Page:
Libido: Reviews: Tijuana Bibles
REVIEWS
Tijuana Bibles

By Jack Hafferkamp

How quickly we have forgotten, as a culture, about "tijuana bibles." Or "8-pagers," as they also were known. Small comic books -- actually 8-page booklets -- of obscene parodies of widely known entertainers and comic characters like Popeye and Dagwood. Millions of them circulated, nobody really knows how many, as they were produced and distributed outside the law; never accepted by polite society, but sometimes winked at by authorities.

In their time, the middle years of this century, millions of men and boys knew of them, read them, laughed at them and with them, and ejaculated to them. They were the wise-ass version of the Sunday funnies, in the days before television when Sunday funnies were at the height of their popularity.

But since tijuana bibles operated below the radar of the law and the mainstream media, they disappeared quickly from cultural consciousness when the Sexual Revolution hit. Today collectors are serious about them, but 8-pagers have all but vanished. They certainly don’t tend to show up in the nostalgia shops in my kinda town.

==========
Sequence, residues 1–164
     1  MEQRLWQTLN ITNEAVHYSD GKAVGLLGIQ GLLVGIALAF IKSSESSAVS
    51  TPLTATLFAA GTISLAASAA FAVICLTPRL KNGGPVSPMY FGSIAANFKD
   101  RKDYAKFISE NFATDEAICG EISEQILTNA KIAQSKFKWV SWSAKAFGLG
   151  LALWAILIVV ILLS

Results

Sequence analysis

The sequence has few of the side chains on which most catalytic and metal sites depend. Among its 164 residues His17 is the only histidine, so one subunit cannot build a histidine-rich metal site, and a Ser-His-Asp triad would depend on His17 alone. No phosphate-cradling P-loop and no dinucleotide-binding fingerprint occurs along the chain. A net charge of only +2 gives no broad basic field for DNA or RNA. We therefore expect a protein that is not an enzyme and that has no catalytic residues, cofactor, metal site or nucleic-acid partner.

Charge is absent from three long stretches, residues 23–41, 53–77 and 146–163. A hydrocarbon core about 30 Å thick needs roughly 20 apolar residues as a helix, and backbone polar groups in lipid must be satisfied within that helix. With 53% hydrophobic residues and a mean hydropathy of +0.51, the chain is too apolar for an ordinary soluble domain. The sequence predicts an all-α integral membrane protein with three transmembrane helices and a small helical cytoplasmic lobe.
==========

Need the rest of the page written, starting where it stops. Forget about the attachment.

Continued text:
So Tijuana Bibles by Bob Adelman is a very welcome volume. Handsomely designed and printed it reproduces 100 of Adelman’s favorites from the 1000 he reviewed for this book. Many are puerile, to be sure, but together they are so much more, adding up to an alternate take on some favorite American studies topics -- celebrity and hypocrisy. And they are funny. And often very well drawn.

Adelman and his contributors thoughtfully provide insight into the history and range of styles and targets of the 8-pager’s creators, their vocabulary, and their demise. This volume is a delight, a real slice of disappearing Americana.

Tijuana Bibles: Art and Wit in America’s Forbidden Funnies, 1930s - 1950s by Bob Adelman with an introductory essay by Art Spiegelman, commentary by Richard Merkin and an essay by Madeleine Kripke. (Simon and Schuster, 1997 ISBN: 0-684-83461-8. $24).

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